Research in the Anand group addresses critical needs in human health and advances sustainable energy technologies. Currently, the group is developing analytical methods and microscale devices to:

(1) Capture rare cell types to understand their role in cancer progression

(2) Analyze cells individually or in clusters to understand mechanisms of drug resistance and invasion in cancer

(3) Couple enrichment and electrochemical detection of disease biomarkers

(4) Enrich and remove waste components from dialysate fluid to improve treatment modalities available to patients with kidney disease

(5) Focus inflammatory markers in tear fluid for diagnosis of autoimmune disease

(6) Extract detailed electrochemical information from many reactions in parallel, without the need for multiple potentiostats, for multiplexed sensing and for screening electrocatalysts.

The contributions that we make to these fields leverage our expertise in bioanalysis, electrochemistry, microfluidics, and electrokinetics.

Cancer evolution

Chemotherapy can select for subclonal populations of cells, thus creating refractory disease, resistant to the initial treatment. However, obtaining a complete picture of the genetic variability extant in tumor tissue can require the analysis of thousands of individually isolated cells. We are developing a dielectrophoresis (DEP)-based device with a high yield of single-cell capture in an array of microfluidic chambers for PCR-based analysis. The outcome of this research will be a clearer understanding of the role of clonal selection in cancer relapse.

Tumor metastasis

In a key step to metastasis, cells migrate out of the primary tumor and into the bloodstream (extravasation). A fraction of these circulating tumor cells (CTCs) invade tissues (intravasation) distant from the primary site. We aim to uncover conditions that promote metastasis by developing microfluidic platforms for 1) high-throughput CTC isolation, 2) genetic analysis of individual CTCs, and 3) interrogation of the interaction of CTCs with on-chip tissue cultures that mimic blood vessel walls. The result of this research will be an understanding of the metastatic process leading to better-targeted treatments aimed at its prevention.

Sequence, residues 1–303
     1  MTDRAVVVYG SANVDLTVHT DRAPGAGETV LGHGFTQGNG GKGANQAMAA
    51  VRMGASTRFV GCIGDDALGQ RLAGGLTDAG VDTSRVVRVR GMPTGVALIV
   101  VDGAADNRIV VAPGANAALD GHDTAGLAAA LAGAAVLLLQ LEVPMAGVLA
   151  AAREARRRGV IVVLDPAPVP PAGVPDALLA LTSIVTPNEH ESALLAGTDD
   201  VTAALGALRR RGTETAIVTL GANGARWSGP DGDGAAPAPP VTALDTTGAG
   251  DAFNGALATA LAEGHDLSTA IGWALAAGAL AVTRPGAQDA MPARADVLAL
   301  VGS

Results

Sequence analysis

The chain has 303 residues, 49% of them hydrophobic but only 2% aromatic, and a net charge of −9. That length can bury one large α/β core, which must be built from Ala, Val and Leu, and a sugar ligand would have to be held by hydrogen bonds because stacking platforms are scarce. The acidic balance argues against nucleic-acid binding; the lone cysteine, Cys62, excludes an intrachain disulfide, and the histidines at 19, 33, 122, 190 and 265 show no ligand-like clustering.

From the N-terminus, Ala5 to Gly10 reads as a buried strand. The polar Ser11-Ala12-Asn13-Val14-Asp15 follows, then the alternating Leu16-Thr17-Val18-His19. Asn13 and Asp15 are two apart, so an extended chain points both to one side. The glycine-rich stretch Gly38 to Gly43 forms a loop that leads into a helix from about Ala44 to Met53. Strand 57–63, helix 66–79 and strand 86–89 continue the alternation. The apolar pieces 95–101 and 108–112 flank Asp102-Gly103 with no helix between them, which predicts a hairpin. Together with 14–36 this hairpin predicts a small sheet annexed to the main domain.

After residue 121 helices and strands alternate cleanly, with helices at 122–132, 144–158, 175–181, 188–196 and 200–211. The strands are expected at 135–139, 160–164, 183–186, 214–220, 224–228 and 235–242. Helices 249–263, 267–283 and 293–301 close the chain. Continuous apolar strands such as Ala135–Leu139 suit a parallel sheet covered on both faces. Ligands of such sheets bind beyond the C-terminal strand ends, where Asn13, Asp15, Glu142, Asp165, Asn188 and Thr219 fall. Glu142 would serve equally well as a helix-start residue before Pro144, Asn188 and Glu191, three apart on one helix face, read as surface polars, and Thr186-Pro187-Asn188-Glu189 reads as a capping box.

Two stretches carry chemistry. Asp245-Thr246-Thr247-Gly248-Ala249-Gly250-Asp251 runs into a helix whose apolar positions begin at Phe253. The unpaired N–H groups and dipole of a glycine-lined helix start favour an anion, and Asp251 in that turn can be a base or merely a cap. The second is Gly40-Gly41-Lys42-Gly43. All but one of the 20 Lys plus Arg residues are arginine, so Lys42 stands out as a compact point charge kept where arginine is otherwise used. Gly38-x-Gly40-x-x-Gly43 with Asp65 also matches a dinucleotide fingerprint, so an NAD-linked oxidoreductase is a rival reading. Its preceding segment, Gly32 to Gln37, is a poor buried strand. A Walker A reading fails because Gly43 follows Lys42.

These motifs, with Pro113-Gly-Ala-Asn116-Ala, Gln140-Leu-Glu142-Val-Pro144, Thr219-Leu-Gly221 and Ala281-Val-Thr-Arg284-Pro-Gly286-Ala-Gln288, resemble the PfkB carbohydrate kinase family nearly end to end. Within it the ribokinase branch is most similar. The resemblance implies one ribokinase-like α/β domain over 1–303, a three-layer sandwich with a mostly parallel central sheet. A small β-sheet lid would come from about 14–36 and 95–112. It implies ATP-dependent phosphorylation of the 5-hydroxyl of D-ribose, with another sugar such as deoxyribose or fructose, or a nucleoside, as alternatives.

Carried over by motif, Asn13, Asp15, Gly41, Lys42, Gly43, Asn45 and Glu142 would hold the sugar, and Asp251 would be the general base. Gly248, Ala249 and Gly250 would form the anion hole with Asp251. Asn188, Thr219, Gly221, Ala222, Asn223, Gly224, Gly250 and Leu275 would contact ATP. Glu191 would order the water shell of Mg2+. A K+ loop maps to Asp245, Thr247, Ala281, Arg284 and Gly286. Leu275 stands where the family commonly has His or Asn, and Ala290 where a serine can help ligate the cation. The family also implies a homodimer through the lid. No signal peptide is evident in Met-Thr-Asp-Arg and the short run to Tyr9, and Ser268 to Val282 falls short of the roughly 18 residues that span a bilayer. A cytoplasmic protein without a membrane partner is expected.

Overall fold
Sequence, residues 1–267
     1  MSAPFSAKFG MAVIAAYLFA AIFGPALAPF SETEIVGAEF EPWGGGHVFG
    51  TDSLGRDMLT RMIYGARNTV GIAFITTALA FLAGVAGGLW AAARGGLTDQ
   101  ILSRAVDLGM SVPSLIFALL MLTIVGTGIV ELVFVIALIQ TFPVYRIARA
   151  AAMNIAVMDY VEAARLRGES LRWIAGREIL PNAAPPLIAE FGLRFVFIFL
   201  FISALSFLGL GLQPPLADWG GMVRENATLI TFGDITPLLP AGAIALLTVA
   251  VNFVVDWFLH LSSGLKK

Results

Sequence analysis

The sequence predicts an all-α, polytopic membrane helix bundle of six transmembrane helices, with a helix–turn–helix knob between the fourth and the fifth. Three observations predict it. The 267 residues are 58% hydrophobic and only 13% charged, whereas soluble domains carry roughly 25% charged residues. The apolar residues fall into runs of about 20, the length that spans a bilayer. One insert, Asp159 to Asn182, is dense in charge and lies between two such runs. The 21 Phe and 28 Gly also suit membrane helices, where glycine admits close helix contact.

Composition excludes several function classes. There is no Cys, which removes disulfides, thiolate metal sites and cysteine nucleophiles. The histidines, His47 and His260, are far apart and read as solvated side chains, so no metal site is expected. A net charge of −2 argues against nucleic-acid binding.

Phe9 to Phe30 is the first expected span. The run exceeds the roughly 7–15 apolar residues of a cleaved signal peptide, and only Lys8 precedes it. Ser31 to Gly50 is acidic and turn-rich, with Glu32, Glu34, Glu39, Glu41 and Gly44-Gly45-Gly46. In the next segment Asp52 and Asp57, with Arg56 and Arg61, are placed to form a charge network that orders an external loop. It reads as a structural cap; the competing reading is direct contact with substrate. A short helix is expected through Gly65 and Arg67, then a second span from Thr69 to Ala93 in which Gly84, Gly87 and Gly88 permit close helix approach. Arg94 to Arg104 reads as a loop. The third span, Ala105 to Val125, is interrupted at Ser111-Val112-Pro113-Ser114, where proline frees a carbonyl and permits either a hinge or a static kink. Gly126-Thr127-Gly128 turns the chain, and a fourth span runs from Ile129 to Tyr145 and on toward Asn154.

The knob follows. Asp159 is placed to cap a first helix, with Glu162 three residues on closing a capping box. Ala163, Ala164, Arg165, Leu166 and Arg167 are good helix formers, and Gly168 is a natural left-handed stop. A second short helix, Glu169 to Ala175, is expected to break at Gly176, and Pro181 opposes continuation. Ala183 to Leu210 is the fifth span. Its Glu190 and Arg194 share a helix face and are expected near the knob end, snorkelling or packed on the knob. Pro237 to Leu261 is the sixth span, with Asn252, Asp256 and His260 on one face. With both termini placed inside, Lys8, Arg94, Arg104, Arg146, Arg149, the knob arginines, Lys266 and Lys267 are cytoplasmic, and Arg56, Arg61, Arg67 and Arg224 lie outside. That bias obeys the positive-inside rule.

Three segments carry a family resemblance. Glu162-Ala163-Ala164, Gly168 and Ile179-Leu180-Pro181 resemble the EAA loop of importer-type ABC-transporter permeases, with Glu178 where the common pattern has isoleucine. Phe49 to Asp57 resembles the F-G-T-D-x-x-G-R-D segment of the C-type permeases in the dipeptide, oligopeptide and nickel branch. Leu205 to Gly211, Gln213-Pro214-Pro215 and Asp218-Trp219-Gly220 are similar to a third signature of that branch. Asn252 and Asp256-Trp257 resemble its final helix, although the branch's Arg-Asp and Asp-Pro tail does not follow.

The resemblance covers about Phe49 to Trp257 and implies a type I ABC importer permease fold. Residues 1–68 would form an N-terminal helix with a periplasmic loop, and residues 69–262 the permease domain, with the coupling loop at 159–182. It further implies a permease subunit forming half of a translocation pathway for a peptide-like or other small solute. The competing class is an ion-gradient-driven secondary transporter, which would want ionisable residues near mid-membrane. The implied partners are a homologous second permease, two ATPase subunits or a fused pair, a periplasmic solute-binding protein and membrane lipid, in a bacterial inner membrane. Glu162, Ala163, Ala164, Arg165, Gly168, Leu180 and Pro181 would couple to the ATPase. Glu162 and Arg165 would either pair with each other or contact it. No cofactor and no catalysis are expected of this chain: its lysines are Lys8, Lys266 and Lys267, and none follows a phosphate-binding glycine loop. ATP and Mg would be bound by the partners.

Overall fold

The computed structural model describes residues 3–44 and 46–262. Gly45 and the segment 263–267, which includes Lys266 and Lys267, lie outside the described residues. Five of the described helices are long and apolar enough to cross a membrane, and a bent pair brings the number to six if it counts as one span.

Due to the heterogeneity and extreme rarity of CTCs, the separation of CTCs from whole blood is challenging. Current separation techniques generally can be classified into immunoaffinity approaches, size-based filtration techniques, hydrodynamic chromatography, and DEP method. Separation based on DEP exhibits less bias when compared with the aformentioned approaches, and it leverages the unique composition, morphology and dielectric properties of CTCs. However, the relatively low throughput of current DEP devices is a critical issue that remains to be solved. Our lab has recently developed a method that employs an array of thousands of wireless electrodes to render microfluidic devices for DEP that are scalable along both x and y directions. Without ohmic contact to the individual array elements, capacitive charging of the electrical double layer (EDL) at opposing ends of each wireless electrode allows an AC electric field applied by only two driving electrodes to be transmitted across the entire device. The uniform DEP force exerted by the electric field gradient near each wireless electrode enables massively parallel and selective capture of CTCs. Inspired by the concept, we have succesfully designed the parallel-channel device in which pockets are extruded at each side of microchannels. Using this design, single-cell capture can be readily achieved when the pocket dimensions were matched to those of the cells. We anticipate that the DEP approach presented in this work can provide a potential platform for highthroughput selective capture of rare cells and for single-cell analysis.

Kidney disease

Between dialysis sessions, patients suffer from fluid retention and a gradual increase in blood concentration of excess salts and waste products such as urea. This process leads to both significant discomfort and eventual lung and cardiac damage. Existing devices require large fluid reservoirs and suffer from biofouling caused by direct contact between blood and membranes. We are developing a membrane-free reservoir-free device for reduction of excess fluid and urea using a series of electrokinetic processes such as contactless DEP and ion concentration polarization (ICP) (More details about ICP can be found in our review paper) . Our aim is to develop a wearable, battery-powered device.